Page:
For augmented reality (AR), it is important that virtual assets appear to `sit among' real world objects. The virtual element should variously occlude and be occluded by real matter, based on a plausible depth ordering. This occlusion should be consistent over time as the viewer's camera moves. Unfortunately, small mistakes in the estimated scene depth can ruin the downstream occlusion mask, and thereby the AR illusion. Especially in real-time settings, depths inferred near boundaries or across time can be inconsistent. In this paper, we challenge the need for depth-regression as an intermediate step. We instead propose an implicit model for depth and use that to predict the occlusion mask directly. The inputs to our network are one or more color images, plus the known depths of any virtual geometry. We show how our occlusion predictions are more accurate and more temporally stable than predictions derived from traditional depth-estimation models. We obtain state-of-the-art occlusion results on the challenging ScanNetv2 dataset and superior qualitative results on real scenes.
Traditionally, 3D indoor scene reconstruction from posed images happens in two phases: per-image depth estimation, followed by depth merging and surface reconstruction. Recently, a family of methods have emerged that perform reconstruction directly in final 3D volumetric feature space. While these methods have shown impressive reconstruction results, they rely on expensive 3D convolutional layers, limiting their application in resource-constrained environments. In this work, we instead go back to the traditional route, and show how focusing on high quality multi-view depth prediction leads to highly accurate 3D reconstructions using simple off-the-shelf depth fusion. We propose a simple state-of-the-art multi-view depth estimator with two main contributions: 1) a carefully-designed 2D CNN which utilizes strong image priors alongside a plane-sweep feature volume and geometric losses, combined with 2) the integration of keyframe and geometric metadata into the cost volume which allows informed depth plane scoring. Our method achieves a significant lead over the current state-of-the-art for depth estimation and close or better for 3D reconstruction on ScanNet and 7-Scenes, yet still allows for online real-time low-memory reconstruction. Code, models and results are available at https://nianticlabs.github.io/simplerecon
We present a novel method for predicting accurate depths from monocular images with high efficiency. This optimal efficiency is achieved by exploiting wavelet decomposition, which is integrated in a fully differentiable encoder-decoder architecture. We demonstrate that we can reconstruct high-fidelity depth maps by predicting sparse wavelet coefficients. In contrast with previous works, we show that wavelet coefficients can be learned without direct supervision on coefficients. Instead we supervise only the final depth image that is reconstructed through the inverse wavelet transform. We additionally show that wavelet coefficients can be learned in fully self-supervised scenarios, without access to ground-truth depth. Finally, we apply our method to different state-of-the-art monocular depth estimation models, in each case giving similar or better results compared to the original model, while requiring less than half the multiply-adds in the decoder network. Code at https://github.com/nianticlabs/wavelet-monodepth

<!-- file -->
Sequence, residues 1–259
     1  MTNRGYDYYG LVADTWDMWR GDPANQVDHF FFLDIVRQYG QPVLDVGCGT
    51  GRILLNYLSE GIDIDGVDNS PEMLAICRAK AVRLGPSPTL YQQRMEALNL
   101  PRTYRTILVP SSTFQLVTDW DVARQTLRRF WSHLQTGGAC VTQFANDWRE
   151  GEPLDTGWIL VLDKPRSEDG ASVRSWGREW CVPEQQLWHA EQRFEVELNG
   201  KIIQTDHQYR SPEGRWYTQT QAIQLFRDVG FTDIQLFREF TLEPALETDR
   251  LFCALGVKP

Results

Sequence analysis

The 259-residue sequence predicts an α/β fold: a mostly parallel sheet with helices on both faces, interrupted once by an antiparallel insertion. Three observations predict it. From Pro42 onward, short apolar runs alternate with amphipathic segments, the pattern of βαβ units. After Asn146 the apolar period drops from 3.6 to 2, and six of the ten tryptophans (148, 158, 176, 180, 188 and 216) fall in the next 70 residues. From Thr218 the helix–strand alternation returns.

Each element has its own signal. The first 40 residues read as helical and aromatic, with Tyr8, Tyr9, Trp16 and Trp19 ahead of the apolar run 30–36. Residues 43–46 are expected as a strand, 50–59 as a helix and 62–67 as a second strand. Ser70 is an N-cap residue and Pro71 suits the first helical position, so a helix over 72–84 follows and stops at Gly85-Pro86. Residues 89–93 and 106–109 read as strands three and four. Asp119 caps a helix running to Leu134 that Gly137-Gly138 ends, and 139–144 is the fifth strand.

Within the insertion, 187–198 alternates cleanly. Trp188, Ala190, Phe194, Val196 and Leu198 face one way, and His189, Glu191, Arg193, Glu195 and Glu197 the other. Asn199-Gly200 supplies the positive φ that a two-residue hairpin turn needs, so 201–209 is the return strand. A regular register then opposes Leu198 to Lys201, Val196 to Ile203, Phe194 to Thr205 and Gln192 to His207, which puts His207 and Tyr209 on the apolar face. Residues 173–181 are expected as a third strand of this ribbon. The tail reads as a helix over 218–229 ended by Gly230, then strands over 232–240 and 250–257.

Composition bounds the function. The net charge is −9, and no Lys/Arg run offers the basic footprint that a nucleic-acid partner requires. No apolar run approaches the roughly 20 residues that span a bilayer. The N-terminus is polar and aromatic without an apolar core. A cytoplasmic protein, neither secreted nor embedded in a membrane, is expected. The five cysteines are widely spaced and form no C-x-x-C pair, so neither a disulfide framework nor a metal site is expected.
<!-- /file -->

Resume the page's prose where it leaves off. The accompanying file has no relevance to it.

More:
Self-supervised monocular depth estimation networks are trained to predict scene depth using nearby frames as a supervision signal during training. However, for many applications, sequence information in the form of video frames is also available at test time. The vast majority of monocular networks do not make use of this extra signal, thus ignoring valuable information that could be used to improve the predicted depth. Those that do, either use computationally expensive test-time refinement techniques or off-the-shelf recurrent networks, which only indirectly make use of the geometric information that is inherently available. We propose ManyDepth, an adaptive approach to dense depth estimation that can make use of sequence information at test time, when it is available. Taking inspiration from multi-view stereo, we propose a deep end-to-end cost volume based approach that is trained using self-supervision only. We present a novel consistency loss that encourages the network to ignore the cost volume when it is deemed unreliable, e.g. in the case of moving objects, and an augmentation scheme to cope with static cameras. Our detailed experiments on both KITTI and Cityscapes show that we outperform all published self-supervised baselines, including those that use single or multiple frames at test time.